Thursday November 21, 2019
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Mount Everest glaciers shrink 28% in 40 years

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source: wikipedia

New Delhi: As a result of climate change, the glaciers on Mount Everest, which are the birthplace of major Asian rivers such as the Ganga, Brahmaputra and Indus, have shrunk by 28 per cent in the past 40 years, according to a report.

The report released by Hunan University of Science and Technology, the Chinese Academy of Sciences (CAS), and Mount Qomolangma Snow Leopard Conservation Centre, made comparisons according to measurements taken in the 1970s.

The glacier area in the southern slope of Everest in Nepal has reduced by 26 per cent since 1980s, the report said.

Known as Mount Qomolangma in Tibet, Mt Everest has also been getting warmer for the past 50 years, added the report.

A researcher from the State Key Laboratory of Cryospheric Sciences under the CAS, Kang Shichang, informed that the report was compiled based on information collected by on-site monitoring and long-term remote sensing.

Covering 2,030 square kilometres, the national nature reserve of China’s Mt Qomolangma at present consists of 1,476 glaciers, as reported by the state-run Xinhua news agency.

Glacial lakes have been swelling, and river levels have been rising downstream, said Kang, who has led several teams for glacier inspection.

Kang added that a glacial lake in the Mt Everest nature reserve which earlier in 1990, covered an area of 100 square kilometres, swelled to occupy 114 square kilometres in 2013. This information was gathered via remote sensing data.

Earlier in May, a group of international researchers had warned that the in the– site of many of the world’s tallest peaks including Mount Everest – could reduce their volume by 70-99 per cent by 2100, with dire consequences for farming and hydropower generation downstream.

By 2100, the Hindu Kush –Himalayan (HKH) region—would possibly face a 70-99 per cent reduction in its estimated 5,500 glaciers, a group of international researchers warned in May. This will create disastrous effects in farming and hydropower generation in downstream areas.

 

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Climate Change Would Affect Health Of Indian Children: Lancet

Climate change would hit health of Indian children hard, says study by Lancet

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Children in India will be particularly vulnerable to the ill effects of climate change. Pixabay

Children in India will be particularly vulnerable to the ill effects of climate change such as worsening air quality, higher food prices and rise in infectious diseases, warns a new study published in the journal The Lancet.

Climatic suitability for the Vibrio bacteria that cause cholera is rising three per cent a year in India since the early 1980s, said the report.

“With its huge population and high rates of healthcare inequality, poverty, and malnutrition, few countries are likely to suffer from the health effects of climate change as much as India,” said study co-author Poornima Prabhakaran from the Public Health Foundation of India.

“Diarrhoeal infections, a major cause of child mortality, will spread into new areas, whilst deadly heatwaves, similar to the one in 2015 that killed thousands of people in India, could soon become the norm,” Prabhakaran said.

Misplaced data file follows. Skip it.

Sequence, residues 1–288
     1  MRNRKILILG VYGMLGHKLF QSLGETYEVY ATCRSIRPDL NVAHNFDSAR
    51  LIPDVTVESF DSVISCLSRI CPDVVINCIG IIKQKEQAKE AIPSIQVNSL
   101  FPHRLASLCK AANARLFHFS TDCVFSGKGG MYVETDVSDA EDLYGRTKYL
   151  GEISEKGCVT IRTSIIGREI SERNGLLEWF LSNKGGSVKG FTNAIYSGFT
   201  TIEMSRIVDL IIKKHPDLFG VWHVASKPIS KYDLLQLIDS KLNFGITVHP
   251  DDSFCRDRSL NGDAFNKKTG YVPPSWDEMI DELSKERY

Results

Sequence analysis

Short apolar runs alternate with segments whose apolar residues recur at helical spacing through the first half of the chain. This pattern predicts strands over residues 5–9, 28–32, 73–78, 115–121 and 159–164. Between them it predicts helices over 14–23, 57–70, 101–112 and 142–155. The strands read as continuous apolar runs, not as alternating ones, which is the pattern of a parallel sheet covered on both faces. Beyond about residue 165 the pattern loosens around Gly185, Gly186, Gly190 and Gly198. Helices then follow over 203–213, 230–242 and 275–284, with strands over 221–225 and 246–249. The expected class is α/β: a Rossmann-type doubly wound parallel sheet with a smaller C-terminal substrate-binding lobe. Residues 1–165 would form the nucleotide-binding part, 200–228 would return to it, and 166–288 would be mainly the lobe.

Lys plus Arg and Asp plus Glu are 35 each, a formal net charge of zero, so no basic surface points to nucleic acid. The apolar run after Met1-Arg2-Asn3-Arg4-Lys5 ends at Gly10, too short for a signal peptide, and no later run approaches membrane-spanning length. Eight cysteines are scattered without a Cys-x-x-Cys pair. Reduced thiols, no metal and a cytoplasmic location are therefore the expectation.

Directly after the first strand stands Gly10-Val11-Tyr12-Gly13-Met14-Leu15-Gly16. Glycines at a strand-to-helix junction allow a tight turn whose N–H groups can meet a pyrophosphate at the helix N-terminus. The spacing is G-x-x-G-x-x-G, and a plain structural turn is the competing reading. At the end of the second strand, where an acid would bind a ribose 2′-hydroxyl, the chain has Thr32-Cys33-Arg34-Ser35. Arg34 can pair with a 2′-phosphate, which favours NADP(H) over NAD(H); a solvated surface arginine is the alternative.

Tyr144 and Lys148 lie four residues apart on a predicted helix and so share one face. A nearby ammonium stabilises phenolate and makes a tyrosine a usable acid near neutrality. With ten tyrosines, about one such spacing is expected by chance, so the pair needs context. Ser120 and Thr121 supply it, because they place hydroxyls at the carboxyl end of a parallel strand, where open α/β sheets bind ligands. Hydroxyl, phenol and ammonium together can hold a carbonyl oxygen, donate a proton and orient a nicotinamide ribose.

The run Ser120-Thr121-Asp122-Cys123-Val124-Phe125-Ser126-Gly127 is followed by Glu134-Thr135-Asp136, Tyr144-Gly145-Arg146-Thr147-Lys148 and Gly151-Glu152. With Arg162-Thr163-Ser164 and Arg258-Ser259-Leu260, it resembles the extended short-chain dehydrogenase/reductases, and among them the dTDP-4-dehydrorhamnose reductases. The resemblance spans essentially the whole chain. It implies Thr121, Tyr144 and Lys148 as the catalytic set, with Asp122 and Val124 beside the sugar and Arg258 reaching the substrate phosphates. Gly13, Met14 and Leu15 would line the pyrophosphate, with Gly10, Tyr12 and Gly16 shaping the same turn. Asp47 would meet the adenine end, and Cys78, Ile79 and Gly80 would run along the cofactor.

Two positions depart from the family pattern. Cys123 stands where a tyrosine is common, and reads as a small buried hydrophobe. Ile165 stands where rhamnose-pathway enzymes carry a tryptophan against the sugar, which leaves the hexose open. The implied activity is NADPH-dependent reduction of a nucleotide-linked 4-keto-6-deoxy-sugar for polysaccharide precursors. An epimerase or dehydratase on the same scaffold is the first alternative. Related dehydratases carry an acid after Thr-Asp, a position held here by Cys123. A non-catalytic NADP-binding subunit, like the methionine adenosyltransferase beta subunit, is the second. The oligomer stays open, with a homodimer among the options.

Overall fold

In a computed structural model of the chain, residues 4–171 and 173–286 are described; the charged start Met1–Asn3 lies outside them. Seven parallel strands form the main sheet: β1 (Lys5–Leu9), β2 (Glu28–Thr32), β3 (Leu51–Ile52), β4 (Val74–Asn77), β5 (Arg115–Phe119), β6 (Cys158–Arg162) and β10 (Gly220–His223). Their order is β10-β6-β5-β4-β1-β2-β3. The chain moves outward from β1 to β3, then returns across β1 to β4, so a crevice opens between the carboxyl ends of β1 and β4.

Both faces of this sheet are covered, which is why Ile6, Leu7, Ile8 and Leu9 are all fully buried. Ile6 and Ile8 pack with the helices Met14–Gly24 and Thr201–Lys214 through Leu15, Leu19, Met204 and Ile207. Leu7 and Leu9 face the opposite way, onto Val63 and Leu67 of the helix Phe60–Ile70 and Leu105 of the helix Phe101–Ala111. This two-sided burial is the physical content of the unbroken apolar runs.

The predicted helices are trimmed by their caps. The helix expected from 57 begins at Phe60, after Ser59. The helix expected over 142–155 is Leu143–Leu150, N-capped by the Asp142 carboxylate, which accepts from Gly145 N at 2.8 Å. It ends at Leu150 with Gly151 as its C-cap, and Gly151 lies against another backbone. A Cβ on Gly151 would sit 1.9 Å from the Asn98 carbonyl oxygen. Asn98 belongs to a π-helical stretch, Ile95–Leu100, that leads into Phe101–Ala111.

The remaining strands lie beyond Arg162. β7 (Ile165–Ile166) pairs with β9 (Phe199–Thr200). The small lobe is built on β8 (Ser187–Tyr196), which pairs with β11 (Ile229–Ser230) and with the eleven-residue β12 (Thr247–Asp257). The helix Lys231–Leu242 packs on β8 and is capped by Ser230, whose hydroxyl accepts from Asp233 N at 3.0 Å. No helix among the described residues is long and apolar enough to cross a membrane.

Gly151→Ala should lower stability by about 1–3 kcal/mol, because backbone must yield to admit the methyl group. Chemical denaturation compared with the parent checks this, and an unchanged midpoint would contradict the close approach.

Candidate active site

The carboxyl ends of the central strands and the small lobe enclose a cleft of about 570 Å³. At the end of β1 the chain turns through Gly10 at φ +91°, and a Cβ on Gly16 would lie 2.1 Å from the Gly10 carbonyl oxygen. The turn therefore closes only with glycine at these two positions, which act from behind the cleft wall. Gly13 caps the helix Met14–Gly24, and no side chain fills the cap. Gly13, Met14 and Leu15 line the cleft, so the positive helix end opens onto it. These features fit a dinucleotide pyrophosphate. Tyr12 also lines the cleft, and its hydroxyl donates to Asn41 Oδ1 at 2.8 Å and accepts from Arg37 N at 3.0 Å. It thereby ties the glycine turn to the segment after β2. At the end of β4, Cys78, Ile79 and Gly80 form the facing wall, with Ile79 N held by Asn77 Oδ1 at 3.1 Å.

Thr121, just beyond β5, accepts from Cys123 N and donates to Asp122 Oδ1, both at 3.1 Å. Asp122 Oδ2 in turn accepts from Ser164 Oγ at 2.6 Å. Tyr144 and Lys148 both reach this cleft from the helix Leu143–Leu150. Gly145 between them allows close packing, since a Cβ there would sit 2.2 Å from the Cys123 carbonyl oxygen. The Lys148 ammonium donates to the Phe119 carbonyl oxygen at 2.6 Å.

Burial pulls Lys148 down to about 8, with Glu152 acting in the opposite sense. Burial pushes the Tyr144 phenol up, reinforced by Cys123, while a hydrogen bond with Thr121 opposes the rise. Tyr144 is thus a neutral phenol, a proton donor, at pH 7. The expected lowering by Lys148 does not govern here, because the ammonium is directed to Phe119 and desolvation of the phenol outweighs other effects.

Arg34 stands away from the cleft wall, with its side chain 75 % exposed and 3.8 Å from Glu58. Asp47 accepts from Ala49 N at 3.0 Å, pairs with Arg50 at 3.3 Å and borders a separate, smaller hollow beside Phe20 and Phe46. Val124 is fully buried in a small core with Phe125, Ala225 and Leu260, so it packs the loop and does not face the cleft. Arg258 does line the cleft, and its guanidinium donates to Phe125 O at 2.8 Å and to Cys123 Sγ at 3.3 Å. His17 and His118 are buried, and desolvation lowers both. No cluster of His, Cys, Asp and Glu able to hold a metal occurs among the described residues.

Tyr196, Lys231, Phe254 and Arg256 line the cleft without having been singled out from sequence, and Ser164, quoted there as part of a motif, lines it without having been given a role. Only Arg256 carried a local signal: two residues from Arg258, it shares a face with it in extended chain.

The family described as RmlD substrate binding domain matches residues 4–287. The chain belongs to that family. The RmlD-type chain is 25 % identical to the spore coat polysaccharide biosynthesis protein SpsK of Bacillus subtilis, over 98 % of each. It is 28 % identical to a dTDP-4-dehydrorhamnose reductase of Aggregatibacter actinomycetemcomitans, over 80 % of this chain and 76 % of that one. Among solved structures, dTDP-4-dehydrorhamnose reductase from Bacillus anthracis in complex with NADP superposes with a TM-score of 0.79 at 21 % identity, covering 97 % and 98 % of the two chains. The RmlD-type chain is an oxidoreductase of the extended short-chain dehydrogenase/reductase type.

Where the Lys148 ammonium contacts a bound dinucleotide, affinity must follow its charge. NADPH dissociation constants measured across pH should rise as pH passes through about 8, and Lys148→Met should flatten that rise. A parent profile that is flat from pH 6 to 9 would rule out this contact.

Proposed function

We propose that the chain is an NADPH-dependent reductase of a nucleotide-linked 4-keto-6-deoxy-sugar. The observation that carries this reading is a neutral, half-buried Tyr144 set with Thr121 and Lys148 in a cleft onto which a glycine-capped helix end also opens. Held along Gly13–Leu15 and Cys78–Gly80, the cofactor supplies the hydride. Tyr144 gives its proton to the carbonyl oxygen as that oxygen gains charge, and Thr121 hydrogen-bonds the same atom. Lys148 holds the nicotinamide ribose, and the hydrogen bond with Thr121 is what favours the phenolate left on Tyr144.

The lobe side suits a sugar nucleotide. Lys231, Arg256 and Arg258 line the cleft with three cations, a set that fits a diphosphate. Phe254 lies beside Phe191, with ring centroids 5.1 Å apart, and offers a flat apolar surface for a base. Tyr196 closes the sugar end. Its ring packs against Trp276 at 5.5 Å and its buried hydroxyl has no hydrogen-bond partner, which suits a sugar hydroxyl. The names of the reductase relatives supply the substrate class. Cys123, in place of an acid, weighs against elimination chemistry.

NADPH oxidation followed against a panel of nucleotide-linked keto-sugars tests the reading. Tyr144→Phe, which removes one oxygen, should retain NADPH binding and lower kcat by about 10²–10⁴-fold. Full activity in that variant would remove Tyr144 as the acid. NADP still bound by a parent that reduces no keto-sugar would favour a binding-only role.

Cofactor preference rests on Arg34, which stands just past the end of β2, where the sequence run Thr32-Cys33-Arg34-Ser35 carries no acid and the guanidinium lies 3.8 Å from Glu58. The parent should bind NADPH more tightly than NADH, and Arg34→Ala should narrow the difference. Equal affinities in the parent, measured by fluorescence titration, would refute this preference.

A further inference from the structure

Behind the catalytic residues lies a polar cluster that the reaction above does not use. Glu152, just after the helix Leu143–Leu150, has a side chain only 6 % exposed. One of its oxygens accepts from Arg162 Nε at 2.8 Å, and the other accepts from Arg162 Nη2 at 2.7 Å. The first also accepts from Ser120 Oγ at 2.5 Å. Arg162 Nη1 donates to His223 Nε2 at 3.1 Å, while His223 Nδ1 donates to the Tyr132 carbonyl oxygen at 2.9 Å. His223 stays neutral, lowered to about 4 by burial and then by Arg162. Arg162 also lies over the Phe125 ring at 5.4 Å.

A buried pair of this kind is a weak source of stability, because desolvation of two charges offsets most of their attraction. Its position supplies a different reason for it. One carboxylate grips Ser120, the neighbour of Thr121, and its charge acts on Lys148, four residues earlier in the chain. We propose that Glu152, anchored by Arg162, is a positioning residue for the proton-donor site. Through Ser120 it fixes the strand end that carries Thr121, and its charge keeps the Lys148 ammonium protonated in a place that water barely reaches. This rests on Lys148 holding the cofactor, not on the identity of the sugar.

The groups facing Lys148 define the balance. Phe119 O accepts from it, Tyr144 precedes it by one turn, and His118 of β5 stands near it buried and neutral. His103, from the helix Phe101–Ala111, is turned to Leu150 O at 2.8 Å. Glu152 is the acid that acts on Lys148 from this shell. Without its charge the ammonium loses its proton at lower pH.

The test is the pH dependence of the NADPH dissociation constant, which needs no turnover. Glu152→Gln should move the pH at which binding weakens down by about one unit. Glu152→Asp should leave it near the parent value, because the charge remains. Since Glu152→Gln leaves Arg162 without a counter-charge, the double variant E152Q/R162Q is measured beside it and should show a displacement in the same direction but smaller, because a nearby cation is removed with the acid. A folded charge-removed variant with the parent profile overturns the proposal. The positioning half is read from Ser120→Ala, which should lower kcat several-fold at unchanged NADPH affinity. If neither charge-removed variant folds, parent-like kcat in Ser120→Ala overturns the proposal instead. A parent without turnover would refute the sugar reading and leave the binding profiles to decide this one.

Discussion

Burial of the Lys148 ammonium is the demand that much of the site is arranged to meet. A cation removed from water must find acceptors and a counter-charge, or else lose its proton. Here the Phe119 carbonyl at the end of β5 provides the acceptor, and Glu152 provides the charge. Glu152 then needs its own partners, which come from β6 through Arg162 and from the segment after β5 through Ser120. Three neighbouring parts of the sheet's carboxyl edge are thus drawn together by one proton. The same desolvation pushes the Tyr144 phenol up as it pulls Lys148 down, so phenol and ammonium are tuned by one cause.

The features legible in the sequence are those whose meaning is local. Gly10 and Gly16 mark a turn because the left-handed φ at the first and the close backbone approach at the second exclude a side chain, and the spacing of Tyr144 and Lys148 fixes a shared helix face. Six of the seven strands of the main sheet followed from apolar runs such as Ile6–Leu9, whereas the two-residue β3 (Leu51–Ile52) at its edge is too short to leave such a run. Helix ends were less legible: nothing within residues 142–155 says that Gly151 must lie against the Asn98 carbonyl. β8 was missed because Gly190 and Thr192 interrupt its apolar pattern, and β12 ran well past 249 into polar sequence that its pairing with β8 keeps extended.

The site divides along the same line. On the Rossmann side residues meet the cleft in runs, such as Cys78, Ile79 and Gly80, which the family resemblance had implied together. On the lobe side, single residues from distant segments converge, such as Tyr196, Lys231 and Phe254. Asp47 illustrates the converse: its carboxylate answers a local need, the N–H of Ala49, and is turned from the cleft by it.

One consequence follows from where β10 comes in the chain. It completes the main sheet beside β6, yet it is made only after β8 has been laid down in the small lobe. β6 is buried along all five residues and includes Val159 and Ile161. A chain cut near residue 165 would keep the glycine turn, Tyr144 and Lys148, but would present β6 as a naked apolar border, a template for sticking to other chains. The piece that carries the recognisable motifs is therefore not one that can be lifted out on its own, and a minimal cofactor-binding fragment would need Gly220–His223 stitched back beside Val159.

Through adolescence and into adulthood, a child born today will be breathing more toxic air, driven by the fossil fuels and made worse by rising temperatures.

This is especially damaging to young people as their lungs are still developing, so polluted air takes a great toll, contributing to reduced lung function, worsening asthma, and increasing the risk of heart attacks and stroke.

Later in life, a child born today will face increased risk from severe floods, prolonged droughts, and wildfires.

 

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Children in India breathe toxic air and may develop lung diseases. Pixabay

Most countries have experienced an increase in people exposed to wildfires since 2001-2004 with a financial toll per person 48 times larger than flooding.

India alone saw an increase of more than 21 million exposures, and China around 17 million, resulting in direct deaths and respiratory illness as well as loss of homes, said the report.

“Over the past two decades, the Government of India has launched many initiatives and programmes to address a variety of diseases and risk factors. But this report shows that the public health gains achieved over the past 50 years could soon be reversed by the changing climate,” Prabhakaran said.

The “Lancet Countdown on Health and Climate Change” is a yearly analysis tracking progress across 41 key indicators, demonstrating what action to meet Paris Agreement targets — or business as usual — means for human health.

The project is a collaboration between 120 experts from 35 institutions including the World Health Organisation (WHO), World Bank, University College London, and Tsinghua University.

For the world to meet its UN climate goals and protect the health of the next generation, the energy landscape will have to change drastically, the report warns.

Also Read- Prince Charles Talks Climate Change in India

Nothing short of a 7.4 per cent year-on-year cut in fossil CO2 emissions from 2019 to 2050 will limit global warming to the more ambitious goal of 1.5 degree Celsius, said the report. If the world follows a business-as-usual pathway, with high carbon emissions and climate change continuing at the current rate, a child born today will face a world on average over 4 degree Celsius warmer by their 71st birthday, threatening their health at every stage of their lives. (IANS)